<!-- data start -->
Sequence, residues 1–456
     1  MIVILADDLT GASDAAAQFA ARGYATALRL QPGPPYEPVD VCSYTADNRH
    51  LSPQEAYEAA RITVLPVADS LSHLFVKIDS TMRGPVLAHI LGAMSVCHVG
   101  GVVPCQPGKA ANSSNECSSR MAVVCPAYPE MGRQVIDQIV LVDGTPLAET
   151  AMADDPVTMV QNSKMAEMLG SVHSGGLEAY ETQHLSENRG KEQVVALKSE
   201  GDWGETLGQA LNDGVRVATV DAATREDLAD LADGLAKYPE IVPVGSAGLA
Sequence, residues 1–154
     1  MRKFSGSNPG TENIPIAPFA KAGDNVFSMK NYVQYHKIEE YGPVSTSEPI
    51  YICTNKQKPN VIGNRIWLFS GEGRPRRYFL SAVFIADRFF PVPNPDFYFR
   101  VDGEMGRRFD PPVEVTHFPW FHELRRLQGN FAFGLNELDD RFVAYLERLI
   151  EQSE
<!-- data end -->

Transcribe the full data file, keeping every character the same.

Sequence, residues 1–456
     1  MIVILADDLT GASDAAAQFA ARGYATALRL QPGPPYEPVD VCSYTADNRH
    51  LSPQEAYEAA RITVLPVADS LSHLFVKIDS TMRGPVLAHI LGAMSVCHVG
   101  GVVPCQPGKA ANSSNECSSR MAVVCPAYPE MGRQVIDQIV LVDGTPLAET
   151  AMADDPVTMV QNSKMAEMLG SVHSGGLEAY ETQHLSENRG KEQVVALKSE
   201  GDWGETLGQA LNDGVRVATV DAATREDLAD LADGLAKYPE IVPVGSAGLA
Sequence, residues 1–154
     1  MRKFSGSNPG TENIPIAPFA KAGDNVFSMK NYVQYHKIEE YGPVSTSEPI
    51  YICTNKQKPN VIGNRIWLFS GEGRPRRYFL SAVFIADRFF PVPNPDFYFR
   101  VDGEMGRRFD PPVEVTHFPW FHELRRLQGN FAFGLNELDD RFVAYLERLI
   151  EQSE